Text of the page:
My mother suffers from really high spikes on her glucose levels. She might get her glucose level at 46 in the morning and when she takes it at night it is between high 200s to 300. Is there any thing she can do to avoid this?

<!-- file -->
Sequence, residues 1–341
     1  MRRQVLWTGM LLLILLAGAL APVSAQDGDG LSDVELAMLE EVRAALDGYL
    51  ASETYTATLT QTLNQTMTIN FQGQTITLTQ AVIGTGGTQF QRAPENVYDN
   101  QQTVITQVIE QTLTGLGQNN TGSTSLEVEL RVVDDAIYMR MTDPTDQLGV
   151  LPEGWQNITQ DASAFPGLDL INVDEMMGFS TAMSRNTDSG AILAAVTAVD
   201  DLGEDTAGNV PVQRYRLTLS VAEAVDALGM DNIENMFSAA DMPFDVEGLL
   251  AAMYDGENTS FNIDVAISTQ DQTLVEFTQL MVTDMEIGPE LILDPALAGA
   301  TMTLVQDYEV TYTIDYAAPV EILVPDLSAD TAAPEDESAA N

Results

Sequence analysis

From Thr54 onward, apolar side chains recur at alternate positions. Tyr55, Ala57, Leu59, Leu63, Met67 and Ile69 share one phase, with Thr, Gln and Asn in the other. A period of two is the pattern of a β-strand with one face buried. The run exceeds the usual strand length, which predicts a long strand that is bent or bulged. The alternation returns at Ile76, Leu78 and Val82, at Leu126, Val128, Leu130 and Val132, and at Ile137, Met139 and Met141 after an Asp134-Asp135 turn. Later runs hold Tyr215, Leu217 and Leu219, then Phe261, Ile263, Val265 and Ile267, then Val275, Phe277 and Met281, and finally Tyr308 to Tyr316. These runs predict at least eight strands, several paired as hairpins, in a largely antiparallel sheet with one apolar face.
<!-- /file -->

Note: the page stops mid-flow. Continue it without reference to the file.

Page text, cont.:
There is a lot that can be done. Many things can affect a person’s blood glucose levels, but the main ones are the food they eat, the medications they take, and their levels of physical activity. For example, if your mother takes more insulin and eats less food than usual and exercises more than usual, she is likely to develop hypoglycemia. Whenever a blood glucose level is higher or lower than desired, it is important to understand how it got there. Keeping track of blood glucose levels and insulin taken can be very helpful. Sometimes hyperglycemia can be the result of over-treating hypoglycemia and vice versa. Without reviewing blood glucose and medication records, this would not be apparent. If your mother keeps track of her blood glucose readings and insulin doses and shares them with her healthcare team, they should be able to recognize these patterns and help her maintain more stable blood glucose levels.